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Sun, Nov 8, 2009
at 2 PM

A TRIBUTE TO TOM TAYLOR

Tom Taylor, born in Butte, Montana, on December 4, 1927, died this year on St. Patrick’s Day. Tom was an inspiration and guide to many in the late 1960s and ’70s who imagined that telling stories with moving images might be a way to spend a life, and a way to change the world. Tom arrived in Portland in 1965 from southern California to start the Center for the Moving Image at Portland State University with his mentor, friend, and former professor at USC, Andries Deinum. Together, they incubated and nurtured a community of film and video artists who gained world renown. They also set the stage for the establishment of the Northwest Film Center in 1971. Tom’s integrity, patience, commitment to social justice, and insistence on craftsmanship continue to remind us of the importance of quality media to the health of democracy. Today we celebrate Tom with a screening of a number of his films, including:

THE POTTER (1956)—A simple, elegantly crafted, beautifully photographed first film about the art, the processes, and the pleasures of being a potter. (12 mins.)

CAPRICE WILL BECOME THE RULE (1969)— Made by Tom and his students, CAPRICE is a delightful and chaotic piece shot during rehearsals for the PSU Group for New Music’s “Beulahland Rag.” (13 mins.)

THE SEVENTH DAY (1970)—A behind-the-scenes look at student protests at Portland State
against the killings at Kent State and the U.S. bombing of Cambodia. (29 mins.)

BECOMING (1973)—A sponsored film produced for the Women’s Division of Continuing Education at PSU that explores the pressures on women to find meaningful lives in a conformist culture. (24 mins.)

IN THIS VERY ROOM (1993)—Produced by the Senior Community Video Project, a community based non-profit Tom founded, IN THIS VERY ROOM offers a poignant look at a project that creatively helps seniors suffering from dementia and Alzheimer’s. (13 mins.)

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Sun, Nov 8, 2009
at 4:30 PM

TIME BEING
DIRECTOR: CHRIS GALLAGHER
VANCOUVER, BC

(EXP) Humans have an innate, intuitive understanding of time acquired through experience, yet when one has to explain what time is, one is tangled in paradox and contradiction. Gallagher’s visually striking and engagingly written film tries to see the clock ticking in the movement of everyday things. Constructed of 88 short, arresting films each exactly the same length, TIME BEING subjectivity determines our perception of the duration of its parts. The structure of the film subverts conventional cinematic temporal expectations and gives rise to the perception of a continuous present tense.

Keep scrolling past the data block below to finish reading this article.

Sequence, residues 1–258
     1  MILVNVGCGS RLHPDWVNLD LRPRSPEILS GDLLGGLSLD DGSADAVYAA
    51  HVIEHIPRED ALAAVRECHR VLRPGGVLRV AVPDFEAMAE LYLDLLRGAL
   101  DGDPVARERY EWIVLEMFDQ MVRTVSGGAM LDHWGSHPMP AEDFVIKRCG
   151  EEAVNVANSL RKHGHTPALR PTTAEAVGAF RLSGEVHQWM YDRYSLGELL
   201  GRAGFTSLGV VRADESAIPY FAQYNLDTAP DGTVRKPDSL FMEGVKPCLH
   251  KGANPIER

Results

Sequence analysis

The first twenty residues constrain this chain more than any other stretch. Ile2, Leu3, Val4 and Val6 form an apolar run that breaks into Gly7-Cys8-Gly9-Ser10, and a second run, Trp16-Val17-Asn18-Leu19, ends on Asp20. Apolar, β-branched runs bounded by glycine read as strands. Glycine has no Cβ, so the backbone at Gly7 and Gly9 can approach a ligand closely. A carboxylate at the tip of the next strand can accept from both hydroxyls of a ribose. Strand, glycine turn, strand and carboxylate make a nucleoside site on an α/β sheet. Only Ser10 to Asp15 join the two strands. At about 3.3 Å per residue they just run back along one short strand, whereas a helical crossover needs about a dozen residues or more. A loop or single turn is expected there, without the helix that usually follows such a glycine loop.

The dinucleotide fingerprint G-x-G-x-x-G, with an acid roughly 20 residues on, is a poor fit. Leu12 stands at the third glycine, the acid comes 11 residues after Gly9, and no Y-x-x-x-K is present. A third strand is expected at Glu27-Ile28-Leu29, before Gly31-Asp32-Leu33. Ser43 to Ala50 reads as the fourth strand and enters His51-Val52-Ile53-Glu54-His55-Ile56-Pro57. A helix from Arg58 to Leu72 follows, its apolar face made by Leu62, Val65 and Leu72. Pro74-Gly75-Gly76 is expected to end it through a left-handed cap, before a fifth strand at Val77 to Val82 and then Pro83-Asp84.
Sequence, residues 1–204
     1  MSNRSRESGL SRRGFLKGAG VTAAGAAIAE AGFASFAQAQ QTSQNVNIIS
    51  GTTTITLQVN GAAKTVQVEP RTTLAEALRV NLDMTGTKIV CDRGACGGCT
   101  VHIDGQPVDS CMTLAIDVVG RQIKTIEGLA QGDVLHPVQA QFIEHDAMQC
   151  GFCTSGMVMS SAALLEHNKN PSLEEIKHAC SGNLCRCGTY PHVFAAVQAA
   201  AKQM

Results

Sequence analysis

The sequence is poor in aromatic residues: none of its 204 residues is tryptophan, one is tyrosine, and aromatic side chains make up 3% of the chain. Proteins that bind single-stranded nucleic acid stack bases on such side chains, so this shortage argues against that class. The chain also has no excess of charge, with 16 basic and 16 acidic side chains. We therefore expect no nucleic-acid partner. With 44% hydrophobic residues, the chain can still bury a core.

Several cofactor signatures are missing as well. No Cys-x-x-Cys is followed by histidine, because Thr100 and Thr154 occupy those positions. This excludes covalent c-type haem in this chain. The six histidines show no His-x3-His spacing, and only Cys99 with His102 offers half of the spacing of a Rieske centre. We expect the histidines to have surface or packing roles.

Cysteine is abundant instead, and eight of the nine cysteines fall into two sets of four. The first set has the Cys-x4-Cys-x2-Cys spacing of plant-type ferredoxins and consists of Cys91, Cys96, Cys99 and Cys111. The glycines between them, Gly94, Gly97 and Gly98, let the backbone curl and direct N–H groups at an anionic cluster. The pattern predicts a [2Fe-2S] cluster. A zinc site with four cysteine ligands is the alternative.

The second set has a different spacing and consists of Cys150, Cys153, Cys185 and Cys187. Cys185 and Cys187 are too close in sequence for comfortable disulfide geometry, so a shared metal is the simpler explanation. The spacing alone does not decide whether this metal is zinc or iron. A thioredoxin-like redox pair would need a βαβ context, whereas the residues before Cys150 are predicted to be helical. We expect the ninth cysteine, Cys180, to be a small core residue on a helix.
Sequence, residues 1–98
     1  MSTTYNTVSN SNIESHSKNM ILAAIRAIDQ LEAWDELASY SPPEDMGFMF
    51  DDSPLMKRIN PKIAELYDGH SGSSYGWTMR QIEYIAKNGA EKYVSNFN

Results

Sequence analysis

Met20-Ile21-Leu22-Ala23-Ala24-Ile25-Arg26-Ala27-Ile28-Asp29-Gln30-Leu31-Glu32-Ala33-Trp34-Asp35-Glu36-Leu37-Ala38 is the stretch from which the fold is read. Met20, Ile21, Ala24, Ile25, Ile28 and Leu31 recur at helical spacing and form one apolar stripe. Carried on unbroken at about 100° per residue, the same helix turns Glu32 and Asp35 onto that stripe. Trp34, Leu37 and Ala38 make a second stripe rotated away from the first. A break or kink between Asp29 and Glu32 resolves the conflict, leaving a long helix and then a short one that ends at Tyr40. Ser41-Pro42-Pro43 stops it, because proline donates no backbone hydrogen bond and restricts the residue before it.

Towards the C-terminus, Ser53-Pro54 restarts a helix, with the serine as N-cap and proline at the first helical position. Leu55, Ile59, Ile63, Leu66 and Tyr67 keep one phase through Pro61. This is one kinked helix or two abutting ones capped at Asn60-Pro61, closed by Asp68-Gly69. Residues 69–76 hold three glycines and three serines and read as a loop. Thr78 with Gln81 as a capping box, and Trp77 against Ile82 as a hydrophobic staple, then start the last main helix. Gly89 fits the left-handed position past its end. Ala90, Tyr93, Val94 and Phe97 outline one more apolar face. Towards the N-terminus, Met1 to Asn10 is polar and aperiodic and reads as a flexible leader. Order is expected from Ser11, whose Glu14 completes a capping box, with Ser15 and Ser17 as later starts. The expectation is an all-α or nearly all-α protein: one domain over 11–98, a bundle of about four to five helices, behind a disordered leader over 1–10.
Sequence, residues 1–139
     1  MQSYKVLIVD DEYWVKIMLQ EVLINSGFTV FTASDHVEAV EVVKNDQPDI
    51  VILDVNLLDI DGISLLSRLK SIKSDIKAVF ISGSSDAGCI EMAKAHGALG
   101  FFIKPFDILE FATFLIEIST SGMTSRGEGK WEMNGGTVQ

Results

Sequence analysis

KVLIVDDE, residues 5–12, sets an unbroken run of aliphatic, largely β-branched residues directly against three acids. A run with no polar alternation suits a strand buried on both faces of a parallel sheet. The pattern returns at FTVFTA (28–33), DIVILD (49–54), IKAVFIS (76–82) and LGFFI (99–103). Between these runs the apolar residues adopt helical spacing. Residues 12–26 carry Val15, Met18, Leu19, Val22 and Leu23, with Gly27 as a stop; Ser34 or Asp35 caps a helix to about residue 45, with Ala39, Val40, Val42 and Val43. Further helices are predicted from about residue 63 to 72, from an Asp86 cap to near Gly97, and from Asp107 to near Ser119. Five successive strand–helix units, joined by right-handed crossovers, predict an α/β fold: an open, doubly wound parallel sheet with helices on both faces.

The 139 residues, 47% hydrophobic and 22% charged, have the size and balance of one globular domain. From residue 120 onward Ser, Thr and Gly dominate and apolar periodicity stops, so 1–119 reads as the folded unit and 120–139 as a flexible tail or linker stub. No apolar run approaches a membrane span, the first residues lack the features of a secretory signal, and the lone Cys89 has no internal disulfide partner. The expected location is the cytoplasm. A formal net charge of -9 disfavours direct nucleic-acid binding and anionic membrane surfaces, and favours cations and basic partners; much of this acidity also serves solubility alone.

( 88 min )
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Sun, Nov 8, 2009
at 7 PM

Fri, Nov 13, 2009
at 8:45 PM

SHORTS III
DIRECTOR: VARIOUS

EVERY ROOM IS EMPTY
DIRECTOR: TRAVIS EZELL / PORTLAND
(NAR) A boy and girl locked in a basement during a party invent a story about a boy and girl locked in a basement during a party, inventing a story about ... (9 mins.)

GOALBALL
DIRECTOR: ERIC MAXEN / PORTLAND
(DOC) Three visually impaired teens thrive at a sport created in the 1940s for blinded war veterans. (10 mins.)

PUFFER GIRLJUDGE'S AWARD
DIRECTOR: JOAN C. GRATZ / PORTLAND
(ANI) “An Oscar-winning director takes us deep under the sea.”—KT (5 mins.)

WHEN HERONS DREAMJUDGE'S AWARD
DIRECTOR: SERGE GREGORY / SEATTLE
(EXP) With images evoking Japanese wood cuts, a great blue heron observes the seasons and a Northwest landscape shaped by water. “Meditative but memorable.”—KT (11 mins.)

IS THAT MEJUDGE'S AWARD: Best Short Experimental
DIRECTOR: ELIJAH M. HASAN / PORTLAND
(EXP) “An effortless blend of experiment and social conscience.”—KT (5 mins.)

PASSENGERJUDGE'S AWARD: Best Short Narrative
DIRECTOR: MATT CLARK / PORTLAND
(NAR) “This reality-based fable, elegantly composed and shot, recreates a trip taken by a coyote on the light rail.”—KT (15 mins.)

DEAR JOHN LEE
DIRECTOR: AMANDA THOMSON / VANCOUVER, BC
(NAR) Robin finds her thrills under the colored lights of a bar, yet remains unfulfilled. An unrequited correspondence brings a postman into her sights. (9 mins.)

MANSION ON THE HILL
DIRECTOR: GUS VAN SANT / PORTLAND
Made as part of “8,” an omnibus film exploring the United Nation’s international Millennium Development Goals, Van Sant juxtaposes horrific statistics with grainy slow motion video of carefree American kids to reflect on the goal to reduce child mortality. (7 mins.)

FAMILY HISTORYJUDGE'S AWARD
DIRECTOR: SHELLEY JORDON / PORTLAND
(ANI) “Bright, lively animation, plus the irresistible Barry Sisters.”—KT (5 mins.)

THE FALLSJUDGE'S AWARD
DIRECTOR: BRIAN LIBBY / PORTLAND
(EXP) “A hypnotic look at the overwhelming Multnomah Falls.”—KT (3 mins.)

GIDEON THE GREAT
DIRECTOR: ANDY COLLEN / PORTLAND
(ANI) Charming young Gideon’s fantastical daydreams distract him from tasks at hand. (7 mins.)

RECEPTION
DIRECTOR: VINCENT CALDONI / PORTLAND
(NAR) Injured in an accident, confused, and lost in the woods, Katrine dials her cell phone desperately hoping to return to her happy life. (6 mins.)

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Mon, Nov 9, 2009
at 6 PM

AMERICAN COLLECTORS